Four engineering faculty members receive endowed professorships

Four engineering professors received newly endowed chairs in late 2011, bringing the total of named chairs in the School of Engineering to 12.

The recipients are Benoit Dawant and David Kosson, both named a Cornelius Vanderbilt Professor of Engineering. Anita Mahadevan-Jansen is the Orrin H. Ingram Professor of Biomedical Engineering. Sankaran Mahadevan is the John R. Murray Sr. Professor of Engineering.

“Endowed faculty chairs are essential to building a world-class faculty, and tremendously important for acknowledging faculty achievement and distinction,” said Dean Kenneth F. Galloway.

The Cornelius Vanderbilt chairs were made possible through a university initiative announced in 2010 to create 60 new endowed faculty chairs over the next two years.

Benoit Dawant

Benoit Dawant, professor in the department of electrical engineering and computer science, works at the interface between engineering and medicine. He develops techniques that permit the automatic analysis of medical images and their use for surgical guidance.

He is currently working with colleagues on systems that assist in the placement of deep brain stimulator used to treat Parkinson’s disease and other movement disorders, in the placement cochlear implants, in the resection of tumors, in liver surgery, or in the localization of radio-sensitive structures for radiation therapy.

Dawant received his M.S. degree in electrical and computer engineering from the Universite Catholique de Louvain, Belgium; and a Ph.D. degree in electrical and computer engineering in 1987 from the University of Houston. He joined Vanderbilt University in 1988.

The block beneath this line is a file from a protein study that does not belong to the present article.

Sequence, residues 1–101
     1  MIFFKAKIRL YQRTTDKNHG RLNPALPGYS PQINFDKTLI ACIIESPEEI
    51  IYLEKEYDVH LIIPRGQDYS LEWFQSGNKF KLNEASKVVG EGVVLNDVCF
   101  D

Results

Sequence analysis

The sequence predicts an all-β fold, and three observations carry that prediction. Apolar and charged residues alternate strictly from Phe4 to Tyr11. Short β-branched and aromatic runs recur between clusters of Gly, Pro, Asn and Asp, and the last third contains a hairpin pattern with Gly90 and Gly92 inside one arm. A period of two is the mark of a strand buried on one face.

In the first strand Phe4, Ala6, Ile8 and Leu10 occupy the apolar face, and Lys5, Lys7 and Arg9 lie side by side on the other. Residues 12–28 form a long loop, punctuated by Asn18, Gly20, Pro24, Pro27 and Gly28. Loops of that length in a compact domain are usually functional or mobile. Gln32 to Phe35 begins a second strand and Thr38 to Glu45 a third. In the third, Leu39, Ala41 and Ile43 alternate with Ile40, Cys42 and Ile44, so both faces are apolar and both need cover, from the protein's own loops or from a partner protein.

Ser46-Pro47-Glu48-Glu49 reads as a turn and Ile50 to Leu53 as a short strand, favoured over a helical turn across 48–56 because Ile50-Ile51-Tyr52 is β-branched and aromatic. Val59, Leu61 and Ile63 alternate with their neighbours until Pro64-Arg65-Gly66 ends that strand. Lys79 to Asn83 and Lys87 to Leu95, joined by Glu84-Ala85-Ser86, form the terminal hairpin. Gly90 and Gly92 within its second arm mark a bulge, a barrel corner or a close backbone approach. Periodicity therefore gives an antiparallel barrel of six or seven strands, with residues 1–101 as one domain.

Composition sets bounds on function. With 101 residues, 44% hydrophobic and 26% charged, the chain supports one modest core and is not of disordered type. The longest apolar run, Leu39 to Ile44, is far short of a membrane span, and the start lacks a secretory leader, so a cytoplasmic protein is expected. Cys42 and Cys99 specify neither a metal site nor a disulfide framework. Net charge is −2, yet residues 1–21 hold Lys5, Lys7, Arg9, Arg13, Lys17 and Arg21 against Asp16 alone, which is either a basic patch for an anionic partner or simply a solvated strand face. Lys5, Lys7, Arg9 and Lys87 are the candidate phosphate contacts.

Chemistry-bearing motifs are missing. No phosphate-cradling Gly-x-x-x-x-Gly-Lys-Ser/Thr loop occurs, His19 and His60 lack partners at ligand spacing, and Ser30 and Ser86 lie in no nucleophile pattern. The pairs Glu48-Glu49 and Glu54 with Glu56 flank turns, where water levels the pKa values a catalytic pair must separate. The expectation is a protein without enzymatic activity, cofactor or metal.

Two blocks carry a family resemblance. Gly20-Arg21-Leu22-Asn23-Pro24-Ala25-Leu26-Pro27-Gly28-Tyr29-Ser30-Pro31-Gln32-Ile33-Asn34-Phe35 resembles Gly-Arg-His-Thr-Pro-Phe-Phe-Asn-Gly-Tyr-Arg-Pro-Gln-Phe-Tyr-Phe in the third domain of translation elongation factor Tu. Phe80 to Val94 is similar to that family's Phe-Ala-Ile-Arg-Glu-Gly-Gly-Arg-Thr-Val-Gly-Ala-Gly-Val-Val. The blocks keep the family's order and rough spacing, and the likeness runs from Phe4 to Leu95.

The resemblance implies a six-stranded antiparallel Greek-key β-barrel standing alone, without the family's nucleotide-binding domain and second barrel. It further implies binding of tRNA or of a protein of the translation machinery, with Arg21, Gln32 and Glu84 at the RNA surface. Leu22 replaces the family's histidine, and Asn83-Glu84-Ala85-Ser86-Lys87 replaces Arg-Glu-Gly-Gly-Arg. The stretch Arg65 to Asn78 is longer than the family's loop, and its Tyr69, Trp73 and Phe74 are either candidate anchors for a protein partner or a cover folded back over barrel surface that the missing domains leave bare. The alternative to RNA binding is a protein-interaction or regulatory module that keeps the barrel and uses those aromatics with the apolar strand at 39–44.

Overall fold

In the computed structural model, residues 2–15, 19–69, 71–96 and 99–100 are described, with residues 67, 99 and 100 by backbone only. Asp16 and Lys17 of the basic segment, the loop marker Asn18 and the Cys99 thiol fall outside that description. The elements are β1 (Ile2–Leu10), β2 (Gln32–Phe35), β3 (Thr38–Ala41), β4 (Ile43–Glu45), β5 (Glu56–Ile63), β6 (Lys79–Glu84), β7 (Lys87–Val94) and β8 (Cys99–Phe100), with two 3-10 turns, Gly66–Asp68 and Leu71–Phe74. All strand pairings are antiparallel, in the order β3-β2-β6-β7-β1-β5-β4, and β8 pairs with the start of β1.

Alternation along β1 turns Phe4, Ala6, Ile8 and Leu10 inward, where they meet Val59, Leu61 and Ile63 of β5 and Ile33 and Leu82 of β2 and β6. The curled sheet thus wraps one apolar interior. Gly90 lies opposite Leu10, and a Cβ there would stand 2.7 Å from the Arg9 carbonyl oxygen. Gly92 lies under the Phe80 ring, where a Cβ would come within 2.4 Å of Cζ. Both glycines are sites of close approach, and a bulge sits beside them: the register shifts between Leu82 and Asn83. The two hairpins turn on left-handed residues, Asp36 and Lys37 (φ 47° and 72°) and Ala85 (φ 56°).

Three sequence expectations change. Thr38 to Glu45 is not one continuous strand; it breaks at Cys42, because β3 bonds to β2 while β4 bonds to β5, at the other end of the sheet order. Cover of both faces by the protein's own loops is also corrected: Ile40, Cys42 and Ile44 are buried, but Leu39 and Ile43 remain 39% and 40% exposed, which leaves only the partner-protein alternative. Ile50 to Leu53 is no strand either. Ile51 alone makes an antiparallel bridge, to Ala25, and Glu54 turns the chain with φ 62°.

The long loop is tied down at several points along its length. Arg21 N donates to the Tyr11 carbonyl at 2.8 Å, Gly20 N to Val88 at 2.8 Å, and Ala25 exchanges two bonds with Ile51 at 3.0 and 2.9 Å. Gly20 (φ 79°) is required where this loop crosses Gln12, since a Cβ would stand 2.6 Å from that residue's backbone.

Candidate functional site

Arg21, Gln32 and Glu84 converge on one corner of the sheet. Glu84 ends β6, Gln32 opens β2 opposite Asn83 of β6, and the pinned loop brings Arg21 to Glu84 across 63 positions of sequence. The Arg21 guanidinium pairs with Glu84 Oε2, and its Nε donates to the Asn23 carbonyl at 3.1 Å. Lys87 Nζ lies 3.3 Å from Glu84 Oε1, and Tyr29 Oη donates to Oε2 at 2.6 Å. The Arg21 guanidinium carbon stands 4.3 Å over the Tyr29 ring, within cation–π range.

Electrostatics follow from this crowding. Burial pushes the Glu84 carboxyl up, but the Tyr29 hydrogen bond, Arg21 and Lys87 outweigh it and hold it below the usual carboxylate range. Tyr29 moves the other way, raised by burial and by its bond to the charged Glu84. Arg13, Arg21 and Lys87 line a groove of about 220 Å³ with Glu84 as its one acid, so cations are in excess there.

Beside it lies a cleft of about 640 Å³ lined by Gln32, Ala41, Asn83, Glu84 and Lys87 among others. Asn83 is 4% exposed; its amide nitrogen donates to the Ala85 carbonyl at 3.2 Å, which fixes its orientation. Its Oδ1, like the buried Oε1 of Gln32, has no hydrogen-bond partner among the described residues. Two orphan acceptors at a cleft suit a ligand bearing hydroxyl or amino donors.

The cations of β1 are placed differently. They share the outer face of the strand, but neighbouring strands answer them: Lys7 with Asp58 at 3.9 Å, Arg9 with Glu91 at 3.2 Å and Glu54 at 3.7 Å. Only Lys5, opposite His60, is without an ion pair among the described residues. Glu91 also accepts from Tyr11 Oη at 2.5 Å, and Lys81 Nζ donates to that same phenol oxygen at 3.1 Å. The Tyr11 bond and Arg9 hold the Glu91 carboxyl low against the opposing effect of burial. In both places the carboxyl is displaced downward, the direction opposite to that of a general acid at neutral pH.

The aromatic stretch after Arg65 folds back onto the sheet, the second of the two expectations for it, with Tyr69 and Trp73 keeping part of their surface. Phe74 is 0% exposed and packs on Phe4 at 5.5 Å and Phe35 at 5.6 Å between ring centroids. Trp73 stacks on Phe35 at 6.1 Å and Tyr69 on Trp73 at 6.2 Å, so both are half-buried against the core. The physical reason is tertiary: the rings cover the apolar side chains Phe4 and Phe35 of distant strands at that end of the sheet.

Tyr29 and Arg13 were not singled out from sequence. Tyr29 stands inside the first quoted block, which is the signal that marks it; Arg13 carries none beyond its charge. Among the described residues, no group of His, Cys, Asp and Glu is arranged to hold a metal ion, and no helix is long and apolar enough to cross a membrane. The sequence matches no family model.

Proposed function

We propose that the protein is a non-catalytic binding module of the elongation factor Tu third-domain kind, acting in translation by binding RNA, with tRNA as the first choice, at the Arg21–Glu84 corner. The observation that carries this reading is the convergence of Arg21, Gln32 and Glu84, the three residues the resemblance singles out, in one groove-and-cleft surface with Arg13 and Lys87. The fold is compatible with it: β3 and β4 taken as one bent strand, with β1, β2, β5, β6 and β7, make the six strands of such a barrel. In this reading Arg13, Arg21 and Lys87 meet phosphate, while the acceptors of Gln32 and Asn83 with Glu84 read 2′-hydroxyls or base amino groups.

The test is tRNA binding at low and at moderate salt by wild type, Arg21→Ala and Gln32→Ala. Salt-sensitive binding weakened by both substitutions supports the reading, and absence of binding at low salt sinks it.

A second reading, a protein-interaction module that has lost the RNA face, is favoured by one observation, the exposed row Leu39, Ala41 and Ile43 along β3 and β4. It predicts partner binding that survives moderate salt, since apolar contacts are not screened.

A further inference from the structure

Dawant is a Fellow of the Institute of Electrical and Electronics Engineers and he is the author or the co-author of more than 70 scientific journal papers, which have been cited more than 2,000 times.

David S. Kosson

David S. Kosson, professor and chair of Civil and Environmental Engineering,is an internationally recognized expert in safe and environmentally responsible management of large volume wastes and highly hazardous materials.

Kosson is co-principal investigator of the Vanderbilt-led Consortium for Risk Evaluation with Stakeholder Participation (CRESP), a multi-university program working with the Department of Energy, regulators and other stakeholders to advance cost-effective, risk-informed cleanup of the nation’s former nuclear weapons production sites and potential future used nuclear fuel storage and waste disposal sites.

For almost two decades, through the National Research Council of the National Academies, Kosson has advised the Department of Defense on safe disposal of chemical weapons, as required by international treaty, The Chemical Weapons Convention.

Kosson received his B.S., M.S. and Ph.D. degrees in chemical and biochemical engineering from Rutgers, The State University of New Jersey. He joined Vanderbilt University in 2000.

Sankaran Mahadevan

Sankaran Mahadevan, professor of civil and environmental engineering, works on ways to increase the reliability and decrease the risks of complex structures and systems. The family of John Rylen Murray Sr. established the Murray chair in the School of Engineering in his honor. John Murray was a longtime pertroleum engineer, a resident of Houston, Texas, and a trustee for the H. Fort Flowers Foundation.